The 2014 NHL Entry Draft in Philadelphia is still hours away, but that hasn’t stopped Canucks’ GM Jim Benning from getting a head start of the general manager duties. Everyone knew that Benning was coming into a tough situation in Vancouver when he took the job of rebuilding what Mike Gillis had left behind.
From the Luongo-Schneider debacle to the ‘Kesler wants out’ rumours and more, Benning didn’t have much choice but to choose the path of rebuilding. Now fans in Vancouver, rest easy. Benning’s had the chance to work in a winning environment in Boston for the past number of years. So one can only hope that his experience there might follow him to his new home with the Canucks.
Let The Rebuild Begin
One thing is for sure though, Benning didn’t waste any time in making the big deal. You know, that one that people will look back on and question for his entire tenure with the franchise.
Kesler on Vancouver: 'last year, that season was tough on all players that played for the Canucks…that season was painful to be honest.'
— Helene Elliott (@helenenothelen) June 27, 2014
Heading into the draft on Friday, the first-time NHL general manager pulled the trigger on a deal that sent that so-called unhappy Canuck packing. He dealt Kesler and the team’s 2015 third-round pick to the Anaheim Ducks that saw the Canucks receive forward Nick Bonino, defenceman Luca Sbisa and Anaheim’s 2014 first- and third-round picks.
In Kesler, the ‘Nucks gave up a 29-year old who put up 43 points (25g-18a) in 77 games in 2013-14. Kesler has two years remaining on the six-year deal he signed back in 2010 with roughly $10-million still owed to him.
BREAKING: Canucks trade C Ryan Kesler to Ducks. Vancouver receives Nick Bonino, Luca Sbisa, and 24th overall pick in Friday's draft.
— SportsCenter (@SportsCenter) June 27, 2014
In return, Benning got back 26-year old Bonino who recorded 49 points (22g-27a) in 77 games last season and added eight points (4g-4a) in 13 playoffs games. Sbisa, 24, only played in 30 games in 2013-14 and recorded six points (1g-5a). Bonino recently signed a three-year deal worth $5.7-million, while Sbisa still has one year left on his deal with a cap hit of close to $2.2-million.
Benning also moved Jason Garrison, who waved his no-trade clause, along with the rights to forward Jeff Costello and the Canucks 2015 seventh-round pick to the Tampa Bay Lightning for Tampa’s second round pick in this year’s draft (2014). Finally, with the 85th overall pick in this year’s draft (acquired in the Kesler deal), Benning acquired Derek Dorsett from the New York Rangers. Dorsett’s 2014-15 cap hit is slightly higher than $1.6-million.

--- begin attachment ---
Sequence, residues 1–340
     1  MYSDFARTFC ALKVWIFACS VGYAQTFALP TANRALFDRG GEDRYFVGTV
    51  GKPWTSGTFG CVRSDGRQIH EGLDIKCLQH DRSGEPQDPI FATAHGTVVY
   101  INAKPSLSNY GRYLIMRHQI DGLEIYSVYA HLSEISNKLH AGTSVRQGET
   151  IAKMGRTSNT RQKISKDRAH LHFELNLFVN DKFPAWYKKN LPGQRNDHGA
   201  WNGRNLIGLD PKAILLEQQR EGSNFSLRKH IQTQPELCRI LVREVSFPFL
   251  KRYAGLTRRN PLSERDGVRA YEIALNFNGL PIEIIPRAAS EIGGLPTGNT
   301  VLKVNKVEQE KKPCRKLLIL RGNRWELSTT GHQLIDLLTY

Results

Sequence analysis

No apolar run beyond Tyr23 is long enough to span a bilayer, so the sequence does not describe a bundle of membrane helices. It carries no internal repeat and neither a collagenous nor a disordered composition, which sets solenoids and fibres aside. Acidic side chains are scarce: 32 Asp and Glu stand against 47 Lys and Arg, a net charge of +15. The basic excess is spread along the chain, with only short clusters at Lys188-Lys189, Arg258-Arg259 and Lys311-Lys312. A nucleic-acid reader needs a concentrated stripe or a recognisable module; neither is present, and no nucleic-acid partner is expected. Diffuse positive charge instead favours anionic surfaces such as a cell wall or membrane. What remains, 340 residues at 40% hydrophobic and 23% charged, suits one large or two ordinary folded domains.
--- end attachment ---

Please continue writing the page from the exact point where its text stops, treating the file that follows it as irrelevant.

Not only did the Canucks get younger with these deals, but they opened up some cap space heading into July 1. But what does that mean for the Sedin twins?
Should They Stay or Should They Go?
With Friday’s Kesler trade, Benning’s statement is simple. The Canucks are prepared to rebuild and find a way of making things happen with a younger, less experienced team. So what should be the plan for the Sedin brothers who are now 33 years old and have yet to win hockey’s Holy Grail?
Henrik and Daniel just signed matching four-year deals worth $28-million that keeps them in Vancouver until the end of the 2017-18 season. Oh, and did I mention that both contracts have matching no-movement clauses?
Surely, the twins want to have another crack at the big trophy – the one that eluded them in that heartbreaking series loss to the Boston Bruins. But the next four years seem hopeless for Vancouver fans – at least that’s the way it seems at this present time.
Certainly the outlook can change with the addition of a big-name free agent or some great drafting, however, I’m not sure that’s enough to keep the Sedins in Canuck uniforms. Maybe Henrik and Daniel will be the next Kesler in Vancouver – wanting out. It’s far to early to make any assumptions or start any kind of rumour (besides that’s not what I’m here to do). But one thing is for sure.
The Kesler trade, along with another minor move by Benning, have many thinking that this is a new beginning for the Vancouver Canucks – one that could take a while to get back to the glory days. Don’t hold your breath Vancouver, this could be a long and painful rebuild.
Have some thoughts about this week’s column, let me know at @AndrewGForbes or @Tape2TapeTHW on Twitter.
Tape2Tape is a column looking at some of the biggest stories from around the world of hockey. Discussing different topics, it focuses on one major story each week. Agree or disagree, writer – Andrew Forbes – would love to hear what you have to say.